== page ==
Between work, extra-curricular activities and household chores, we’re spending less time together with other people. This includes the breakfast, lunch and dinner table.
Last year, a survey from Dalhousie University found that two out of three Canadians eat alone most of the time, missing out on the benefits that come with the simple act of sharing a meal.
Yet research conducted by President’s Choice shows that when families eat together, children grow up happier and healthier and teens build stronger relationships with their parents. Additionally, people who eat together see each other as equals and connect with one another. But all benefits are lost when we opt for lunch at our desk rather than shared with friends, family or colleagues.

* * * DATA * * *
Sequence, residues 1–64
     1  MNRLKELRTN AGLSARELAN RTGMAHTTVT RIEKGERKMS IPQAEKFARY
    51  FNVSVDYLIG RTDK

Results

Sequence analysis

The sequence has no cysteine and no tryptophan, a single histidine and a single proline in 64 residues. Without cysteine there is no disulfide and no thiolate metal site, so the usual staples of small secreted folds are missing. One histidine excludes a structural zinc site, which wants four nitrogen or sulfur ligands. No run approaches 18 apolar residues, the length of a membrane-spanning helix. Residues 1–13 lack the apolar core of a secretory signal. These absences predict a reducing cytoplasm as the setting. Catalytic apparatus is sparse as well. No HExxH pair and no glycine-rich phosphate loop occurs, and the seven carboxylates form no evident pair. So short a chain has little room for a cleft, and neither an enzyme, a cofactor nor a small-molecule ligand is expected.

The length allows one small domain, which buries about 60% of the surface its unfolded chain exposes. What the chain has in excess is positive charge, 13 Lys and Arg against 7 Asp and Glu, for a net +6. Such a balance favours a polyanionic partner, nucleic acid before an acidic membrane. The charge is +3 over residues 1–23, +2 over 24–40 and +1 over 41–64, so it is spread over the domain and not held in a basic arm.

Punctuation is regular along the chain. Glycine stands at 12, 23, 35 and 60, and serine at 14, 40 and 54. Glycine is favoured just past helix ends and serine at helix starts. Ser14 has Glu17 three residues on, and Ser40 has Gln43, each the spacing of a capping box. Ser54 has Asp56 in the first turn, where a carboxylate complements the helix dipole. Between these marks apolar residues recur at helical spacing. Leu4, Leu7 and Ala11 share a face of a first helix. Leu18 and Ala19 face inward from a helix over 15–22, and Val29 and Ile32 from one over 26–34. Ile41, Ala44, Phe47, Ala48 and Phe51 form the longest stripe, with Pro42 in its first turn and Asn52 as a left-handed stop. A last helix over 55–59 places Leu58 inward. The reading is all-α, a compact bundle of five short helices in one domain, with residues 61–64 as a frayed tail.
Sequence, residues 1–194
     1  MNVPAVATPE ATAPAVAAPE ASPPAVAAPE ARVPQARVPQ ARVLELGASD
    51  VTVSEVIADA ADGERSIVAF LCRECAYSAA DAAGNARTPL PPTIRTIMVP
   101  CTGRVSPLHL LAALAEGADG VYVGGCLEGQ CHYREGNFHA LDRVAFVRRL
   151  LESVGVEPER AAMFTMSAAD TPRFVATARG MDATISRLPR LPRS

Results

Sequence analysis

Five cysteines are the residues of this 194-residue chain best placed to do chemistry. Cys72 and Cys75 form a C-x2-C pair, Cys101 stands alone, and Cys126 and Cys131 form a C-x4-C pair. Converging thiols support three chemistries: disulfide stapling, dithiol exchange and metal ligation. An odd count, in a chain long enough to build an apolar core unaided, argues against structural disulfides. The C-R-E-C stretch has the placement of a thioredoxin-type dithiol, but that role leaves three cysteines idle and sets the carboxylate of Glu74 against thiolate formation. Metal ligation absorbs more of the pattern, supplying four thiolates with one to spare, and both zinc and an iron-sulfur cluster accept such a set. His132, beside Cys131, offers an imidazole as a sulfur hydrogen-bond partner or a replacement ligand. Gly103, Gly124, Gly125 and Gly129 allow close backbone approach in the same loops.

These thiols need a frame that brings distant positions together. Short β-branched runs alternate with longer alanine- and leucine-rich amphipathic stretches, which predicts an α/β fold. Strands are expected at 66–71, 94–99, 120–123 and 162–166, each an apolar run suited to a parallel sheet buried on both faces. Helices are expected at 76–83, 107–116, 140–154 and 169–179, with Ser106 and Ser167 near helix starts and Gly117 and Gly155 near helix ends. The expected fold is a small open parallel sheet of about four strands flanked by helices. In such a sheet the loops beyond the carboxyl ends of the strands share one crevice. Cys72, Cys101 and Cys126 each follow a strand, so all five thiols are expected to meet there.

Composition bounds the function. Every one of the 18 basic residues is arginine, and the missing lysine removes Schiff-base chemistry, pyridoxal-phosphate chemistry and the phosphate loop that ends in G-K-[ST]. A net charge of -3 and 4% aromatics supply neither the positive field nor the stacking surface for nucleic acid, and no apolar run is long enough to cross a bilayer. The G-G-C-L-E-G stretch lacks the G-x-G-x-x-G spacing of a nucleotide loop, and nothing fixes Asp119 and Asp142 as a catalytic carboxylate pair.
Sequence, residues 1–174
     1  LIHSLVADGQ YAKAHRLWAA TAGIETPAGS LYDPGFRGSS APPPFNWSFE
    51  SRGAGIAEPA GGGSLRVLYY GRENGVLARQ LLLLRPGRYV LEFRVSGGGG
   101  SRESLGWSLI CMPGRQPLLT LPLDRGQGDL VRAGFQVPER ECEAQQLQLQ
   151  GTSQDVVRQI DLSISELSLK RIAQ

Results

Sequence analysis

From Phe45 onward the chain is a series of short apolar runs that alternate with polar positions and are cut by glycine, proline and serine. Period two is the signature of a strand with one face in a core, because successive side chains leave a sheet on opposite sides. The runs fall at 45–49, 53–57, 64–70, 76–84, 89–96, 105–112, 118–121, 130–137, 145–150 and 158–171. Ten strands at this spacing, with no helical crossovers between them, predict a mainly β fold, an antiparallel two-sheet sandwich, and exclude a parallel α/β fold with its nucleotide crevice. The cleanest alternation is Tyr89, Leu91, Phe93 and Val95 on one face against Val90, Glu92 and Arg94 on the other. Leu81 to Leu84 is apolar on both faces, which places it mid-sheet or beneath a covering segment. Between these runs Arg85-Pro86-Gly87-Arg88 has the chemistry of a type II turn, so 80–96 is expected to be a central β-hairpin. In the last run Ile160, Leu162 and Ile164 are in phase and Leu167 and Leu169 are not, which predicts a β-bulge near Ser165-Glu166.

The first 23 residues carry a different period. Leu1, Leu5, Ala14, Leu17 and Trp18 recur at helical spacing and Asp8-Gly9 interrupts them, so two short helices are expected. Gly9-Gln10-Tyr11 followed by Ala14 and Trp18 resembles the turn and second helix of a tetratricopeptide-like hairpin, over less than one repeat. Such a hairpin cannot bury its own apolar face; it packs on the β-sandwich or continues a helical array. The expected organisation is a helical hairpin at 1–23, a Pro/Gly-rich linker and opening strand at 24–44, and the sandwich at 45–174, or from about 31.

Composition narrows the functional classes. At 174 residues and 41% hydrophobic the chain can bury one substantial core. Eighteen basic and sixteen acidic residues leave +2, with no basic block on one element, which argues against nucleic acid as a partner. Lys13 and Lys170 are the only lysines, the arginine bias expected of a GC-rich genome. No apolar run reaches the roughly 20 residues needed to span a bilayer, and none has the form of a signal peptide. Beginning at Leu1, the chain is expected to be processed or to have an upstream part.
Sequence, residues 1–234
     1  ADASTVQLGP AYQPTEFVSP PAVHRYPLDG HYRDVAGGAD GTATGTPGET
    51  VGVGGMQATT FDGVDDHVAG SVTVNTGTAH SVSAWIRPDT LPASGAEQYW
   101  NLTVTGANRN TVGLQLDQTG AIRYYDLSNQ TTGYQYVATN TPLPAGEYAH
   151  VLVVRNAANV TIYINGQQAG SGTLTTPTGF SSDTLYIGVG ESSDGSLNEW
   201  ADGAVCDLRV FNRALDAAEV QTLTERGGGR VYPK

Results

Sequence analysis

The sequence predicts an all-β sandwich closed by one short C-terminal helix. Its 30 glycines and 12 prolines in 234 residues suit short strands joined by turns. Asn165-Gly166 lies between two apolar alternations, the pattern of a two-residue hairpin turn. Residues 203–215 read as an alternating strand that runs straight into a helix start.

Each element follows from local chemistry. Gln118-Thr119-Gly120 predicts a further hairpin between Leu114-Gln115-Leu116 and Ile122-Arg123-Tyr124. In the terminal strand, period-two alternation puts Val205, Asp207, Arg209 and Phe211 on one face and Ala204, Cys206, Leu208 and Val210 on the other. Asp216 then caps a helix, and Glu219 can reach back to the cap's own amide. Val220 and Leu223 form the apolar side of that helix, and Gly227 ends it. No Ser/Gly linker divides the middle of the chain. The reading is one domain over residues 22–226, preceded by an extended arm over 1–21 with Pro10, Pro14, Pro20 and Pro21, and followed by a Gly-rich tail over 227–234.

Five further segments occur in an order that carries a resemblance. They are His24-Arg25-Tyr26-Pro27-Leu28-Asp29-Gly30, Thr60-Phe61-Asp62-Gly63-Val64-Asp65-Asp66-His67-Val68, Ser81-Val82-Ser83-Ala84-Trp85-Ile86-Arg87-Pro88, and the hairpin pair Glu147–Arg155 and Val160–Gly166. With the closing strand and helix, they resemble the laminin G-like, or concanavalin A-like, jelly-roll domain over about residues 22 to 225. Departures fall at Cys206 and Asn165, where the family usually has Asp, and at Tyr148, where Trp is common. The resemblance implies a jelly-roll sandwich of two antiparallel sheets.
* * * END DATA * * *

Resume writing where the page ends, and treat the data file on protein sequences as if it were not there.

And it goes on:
“If we look back at history, or even the progression of our own lives, it becomes clear that eating is a behaviour that is learned,” explains Dr. Karyn Gordon, a family and relationship expert. “The good news is that just as eating alone is a learned behaviour, we can also re-teach ourselves the behaviour of eat together.”
Gordon recommends considering the following tips for getting back into not dining solo:
Don’t be nervous —the more you eat with others, the more comfortable you will become.
Be present during those moments by removing distractions like phones, and engaging with those around you. You’ll be surprised by the connections you make.
Schedule mealtimes together with family and friends and you’ll be more likely to follow through.